White would be an upgrade over the player Bledsoe has been recently and fits the team’s timeline better. His shot creation and newfound ability to space the floor make him a perfect third piece next to Brandon Ingram and Zion. If the Pelicans decide to bring Lonzo Ball back, White could also share the floor with him, since both can guard either backcourt position. Walker, meanwhile, would give a team that likes to run an athletic wing who thrives in transition and who can space the floor in the half court an option to replace the disgruntled Josh Hart in the rotation. The Pelicans would surely prefer Keldon Johnson or Devin Vassell instead, but the Spurs could sweeten the pot without adding either by throwing in their second rounder, the 41st overall pick.
Would the 10th and 12th pick be enough to move into the top five or at least high enough to grab the guy the Spurs want? That’s the big question for San Antonio, which would be giving up a quality starter, a decent backup and maybe more for a late lottery pick and a guard that might need to be bought out if he doesn’t buy into a backup role. Unless a team selecting near the top (OKC?) makes it clear that the only way to make a deal is to offer them two lottery picks, giving up so much for the 10th would be a mistake. If having more draft capital to deal secures the Spurs the chance to get the star they need, however, it could be tempting to go for that big swing even if the price is high.
Any Spurs player and the 12th pick for Kevin Love and the 3rd pick
The Spurs don’t have a lot of good trade partners in the top five. The Pistons will surely just take Cade Cunningham. The Rockets and Magic are rebuilding, so they will likely keep their spots. The Raptors essentially don’t have any flexibility to do trades before the moratorium and no bad contracts they can send out after. That leaves only the Cavaliers.
Cleveland is rebuilding too, but the Cavaliers have Kevin Love around still, which hasn’t been pleasant for either party. Love is also on a monster of a contract that will pay him $60 million over the next two years while the Cavs have to pay Jarrett Allen this offseason and potentially Collin Sexton the next one (assuming he sticks around despite the trade rumors currently swirling around). They surely want Love gone, but there’s likely no team that will actually trade anything of value for him, which means Cleveland would actually have to offer an asset to get rid of him. That being said, they probably want to hold on to the 3rd overall pick in hopes of landing a franchise star, so if they make it available, it won’t be just to get rid of Love. They’ll want something valuable back.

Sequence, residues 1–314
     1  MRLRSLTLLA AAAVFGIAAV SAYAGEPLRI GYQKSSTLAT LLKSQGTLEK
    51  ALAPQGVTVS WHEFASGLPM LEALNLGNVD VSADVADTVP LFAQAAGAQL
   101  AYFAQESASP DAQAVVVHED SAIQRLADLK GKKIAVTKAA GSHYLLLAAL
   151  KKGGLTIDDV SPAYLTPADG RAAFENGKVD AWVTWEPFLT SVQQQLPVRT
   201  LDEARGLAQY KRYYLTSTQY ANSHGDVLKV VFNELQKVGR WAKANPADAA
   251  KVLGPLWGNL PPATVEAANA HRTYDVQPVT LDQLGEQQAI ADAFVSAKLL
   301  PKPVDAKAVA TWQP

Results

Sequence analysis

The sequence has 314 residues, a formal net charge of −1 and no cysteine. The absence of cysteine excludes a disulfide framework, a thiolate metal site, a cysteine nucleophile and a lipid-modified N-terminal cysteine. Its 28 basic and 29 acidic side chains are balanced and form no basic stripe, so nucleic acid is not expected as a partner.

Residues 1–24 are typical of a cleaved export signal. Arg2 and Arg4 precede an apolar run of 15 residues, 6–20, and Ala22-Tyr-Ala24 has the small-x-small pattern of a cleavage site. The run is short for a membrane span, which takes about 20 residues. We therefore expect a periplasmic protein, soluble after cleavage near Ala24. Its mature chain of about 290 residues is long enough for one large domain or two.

Do the Cavs want a bigger, more defensive-minded backcourt partner for one of Sexton and Darius Garland, instead of keeping both long term? The Spurs can offer either Derrick White or Dejounte Murray. Do they want a wing with size to pair with Isaac Okoro in the perimeter? The Spurs can offer Devin Vassell or Keldon Johnson. Do they want both? That’s a steep price, but if the Spurs think there’s someone worth that much available at the third spot, they could easily do it and still have depth.
At some point San Antonio will have to consolidate some assets by trading part of their collection of guards and wings, so as jarring as it may seem to lose two of the four players mentioned at the same time, it might end up being inevitable in the long run. The question is, is this the year in which they go for broke, and is this the type of trade they should pursue? Only the Spurs will be able to answer that.